What to Do if You Are Newly Diagnosed with Type 2 Diabetes

Diet, Exercise and Weight Loss: Critical Components to Managing Your Diabetes

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If you've recently been diagnosed with Type 2 diabetes, odds are you are feeling quite overwhelmed. But it is okay. The good news is that, while diabetes is a disease that needs to be managed on a daily basis, you can live a normal, healthy life with diabetes. The key components to success are motivation, support, planning and lifestyle changes. Of these, two of most critical components, diet and physical activity, are lifestyle changes that can help you to lose weight, increase your energy levels and significantly change your blood sugars.

It is the position statement of the American Diabetes Association: "At diagnosis, highly motivated patients with HgbA1c already near target (e.g., <7.5%) could be given the opportunity to engage in lifestyle changes for a period of 3–6 months before embarking on pharmacotherapy (usually metformin)." This means that if you are someone newly diagnosed with diabetes whose A1c at diagnosis is close to normal, around 7.5%, then initial treatment options can be diet and exercise only for three-to-six months before starting medicine. But, don't worry, with the right amount of weight loss, diet and physical activity changes you may be able to modify or discontinue your medicine altogether. That is a pretty significant statement. I have seen newly diagnosed patients lose weight and stop taking medicine - it is possible. Put your mind to and you can do anything. So where should you start?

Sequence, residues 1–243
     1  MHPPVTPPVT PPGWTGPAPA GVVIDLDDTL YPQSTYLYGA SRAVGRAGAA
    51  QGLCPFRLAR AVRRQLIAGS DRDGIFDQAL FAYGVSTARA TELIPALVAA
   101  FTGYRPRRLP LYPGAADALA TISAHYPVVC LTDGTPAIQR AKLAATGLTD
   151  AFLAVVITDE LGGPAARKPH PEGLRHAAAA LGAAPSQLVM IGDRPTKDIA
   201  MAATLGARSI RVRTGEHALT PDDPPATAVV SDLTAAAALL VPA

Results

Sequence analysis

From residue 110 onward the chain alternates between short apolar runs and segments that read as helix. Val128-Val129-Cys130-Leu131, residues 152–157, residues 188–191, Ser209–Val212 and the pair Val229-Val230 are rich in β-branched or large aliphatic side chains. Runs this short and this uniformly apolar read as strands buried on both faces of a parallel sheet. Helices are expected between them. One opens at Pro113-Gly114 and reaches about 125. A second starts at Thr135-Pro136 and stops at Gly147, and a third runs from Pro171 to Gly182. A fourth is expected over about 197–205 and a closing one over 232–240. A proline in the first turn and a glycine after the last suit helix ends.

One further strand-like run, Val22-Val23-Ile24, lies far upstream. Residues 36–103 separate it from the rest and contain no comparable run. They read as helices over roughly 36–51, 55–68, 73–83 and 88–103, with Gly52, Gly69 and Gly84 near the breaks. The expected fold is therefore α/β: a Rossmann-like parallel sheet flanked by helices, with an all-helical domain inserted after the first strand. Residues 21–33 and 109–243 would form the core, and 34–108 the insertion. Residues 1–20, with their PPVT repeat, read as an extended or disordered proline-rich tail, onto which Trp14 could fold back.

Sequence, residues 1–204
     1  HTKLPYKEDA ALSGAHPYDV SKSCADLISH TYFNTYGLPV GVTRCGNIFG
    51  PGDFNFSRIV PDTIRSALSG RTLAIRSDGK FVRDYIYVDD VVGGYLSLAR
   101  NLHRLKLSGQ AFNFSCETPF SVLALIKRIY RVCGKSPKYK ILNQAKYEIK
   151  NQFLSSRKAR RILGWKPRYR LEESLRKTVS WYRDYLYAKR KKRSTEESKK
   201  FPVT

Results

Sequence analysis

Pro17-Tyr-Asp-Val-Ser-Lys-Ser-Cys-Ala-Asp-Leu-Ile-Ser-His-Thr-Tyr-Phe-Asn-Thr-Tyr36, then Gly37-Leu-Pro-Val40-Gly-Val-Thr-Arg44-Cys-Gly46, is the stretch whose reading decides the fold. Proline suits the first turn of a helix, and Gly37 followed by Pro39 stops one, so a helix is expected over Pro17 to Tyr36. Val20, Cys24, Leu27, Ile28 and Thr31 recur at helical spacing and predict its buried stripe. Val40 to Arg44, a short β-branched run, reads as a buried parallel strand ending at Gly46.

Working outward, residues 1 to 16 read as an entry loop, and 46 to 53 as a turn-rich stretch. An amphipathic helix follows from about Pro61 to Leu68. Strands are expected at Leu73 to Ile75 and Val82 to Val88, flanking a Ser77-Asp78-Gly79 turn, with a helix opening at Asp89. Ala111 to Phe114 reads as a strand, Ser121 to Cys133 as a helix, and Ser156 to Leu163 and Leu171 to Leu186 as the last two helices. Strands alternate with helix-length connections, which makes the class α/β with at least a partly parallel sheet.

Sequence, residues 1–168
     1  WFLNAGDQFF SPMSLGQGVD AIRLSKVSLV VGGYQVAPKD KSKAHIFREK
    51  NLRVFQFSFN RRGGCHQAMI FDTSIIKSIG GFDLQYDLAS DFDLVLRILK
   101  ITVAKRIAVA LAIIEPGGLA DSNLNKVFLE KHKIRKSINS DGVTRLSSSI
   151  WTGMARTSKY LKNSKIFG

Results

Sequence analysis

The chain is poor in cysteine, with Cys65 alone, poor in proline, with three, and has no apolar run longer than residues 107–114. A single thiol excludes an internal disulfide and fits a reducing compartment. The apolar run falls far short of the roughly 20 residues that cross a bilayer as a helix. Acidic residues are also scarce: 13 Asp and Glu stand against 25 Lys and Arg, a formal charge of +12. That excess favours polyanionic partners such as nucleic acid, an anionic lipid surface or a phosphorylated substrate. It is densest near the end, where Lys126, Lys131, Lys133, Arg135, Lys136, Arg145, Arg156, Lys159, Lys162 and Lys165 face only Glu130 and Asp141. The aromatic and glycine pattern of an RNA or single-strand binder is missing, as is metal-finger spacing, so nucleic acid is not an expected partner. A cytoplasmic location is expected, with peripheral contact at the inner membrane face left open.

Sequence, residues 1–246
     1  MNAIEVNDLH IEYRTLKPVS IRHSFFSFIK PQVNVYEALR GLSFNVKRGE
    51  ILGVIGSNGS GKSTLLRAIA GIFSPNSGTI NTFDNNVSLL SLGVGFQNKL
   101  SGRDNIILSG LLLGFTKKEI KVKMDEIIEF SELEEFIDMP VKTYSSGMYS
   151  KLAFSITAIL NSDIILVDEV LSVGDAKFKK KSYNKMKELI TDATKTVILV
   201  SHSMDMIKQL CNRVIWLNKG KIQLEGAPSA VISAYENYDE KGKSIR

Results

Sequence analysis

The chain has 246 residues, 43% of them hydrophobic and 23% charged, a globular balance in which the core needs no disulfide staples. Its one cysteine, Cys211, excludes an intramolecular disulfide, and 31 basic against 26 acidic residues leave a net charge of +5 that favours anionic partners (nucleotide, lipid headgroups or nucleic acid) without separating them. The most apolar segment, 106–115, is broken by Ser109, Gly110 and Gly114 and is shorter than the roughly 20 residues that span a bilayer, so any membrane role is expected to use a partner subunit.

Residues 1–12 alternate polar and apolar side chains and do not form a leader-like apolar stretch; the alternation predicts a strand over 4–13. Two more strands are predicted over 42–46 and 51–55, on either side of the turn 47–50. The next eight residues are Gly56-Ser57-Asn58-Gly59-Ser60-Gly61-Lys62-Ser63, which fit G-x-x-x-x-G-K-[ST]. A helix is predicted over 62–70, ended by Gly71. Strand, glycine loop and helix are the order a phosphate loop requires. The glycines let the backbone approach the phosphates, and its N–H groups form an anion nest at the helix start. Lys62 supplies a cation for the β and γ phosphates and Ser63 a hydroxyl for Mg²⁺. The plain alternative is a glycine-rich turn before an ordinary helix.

A Patient Centered Approach: No two people with diabetes should be treated the same.

Why? Because we are all individuals with different habits, work schedules, food preferences, etc. It is important that you find the best plan that works for you. Odds are you will have a great deal of "food police" trying to tell you what to eat. You may also hear a great deal of conflicting information, such as you cannot eat fruit, which is simply not true.

It's important to receive diabetes self management education from a licensed professional, such as a Certified Diabetes Educator to help you organize your diabetes and get you on track. Get educated on how to create a healthy meal and exercise plan. If you need some reinforcement or are just starting out, start here:  

Change Your Diet: